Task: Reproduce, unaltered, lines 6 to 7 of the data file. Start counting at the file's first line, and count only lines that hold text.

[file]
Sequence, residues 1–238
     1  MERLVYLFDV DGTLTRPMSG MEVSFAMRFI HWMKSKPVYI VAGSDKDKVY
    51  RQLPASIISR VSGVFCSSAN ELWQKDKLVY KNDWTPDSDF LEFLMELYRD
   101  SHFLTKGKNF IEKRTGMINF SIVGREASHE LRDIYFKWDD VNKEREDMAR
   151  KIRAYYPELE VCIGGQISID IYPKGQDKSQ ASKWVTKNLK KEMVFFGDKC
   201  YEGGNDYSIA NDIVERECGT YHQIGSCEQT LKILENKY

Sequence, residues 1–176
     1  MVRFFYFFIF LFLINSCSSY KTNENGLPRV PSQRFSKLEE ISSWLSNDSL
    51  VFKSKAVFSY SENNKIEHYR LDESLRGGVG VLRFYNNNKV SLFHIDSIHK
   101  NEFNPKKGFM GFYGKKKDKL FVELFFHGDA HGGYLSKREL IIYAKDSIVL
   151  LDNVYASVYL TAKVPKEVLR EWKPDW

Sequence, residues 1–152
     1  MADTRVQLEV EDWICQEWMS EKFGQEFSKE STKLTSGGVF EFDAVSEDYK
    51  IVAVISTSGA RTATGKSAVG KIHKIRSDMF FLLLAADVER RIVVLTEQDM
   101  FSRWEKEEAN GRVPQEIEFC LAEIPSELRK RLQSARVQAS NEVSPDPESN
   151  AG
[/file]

   201  YEGGNDYSIA NDIVERECGT YHQIGSCEQT LKILENKY

Sequence, residues 1–176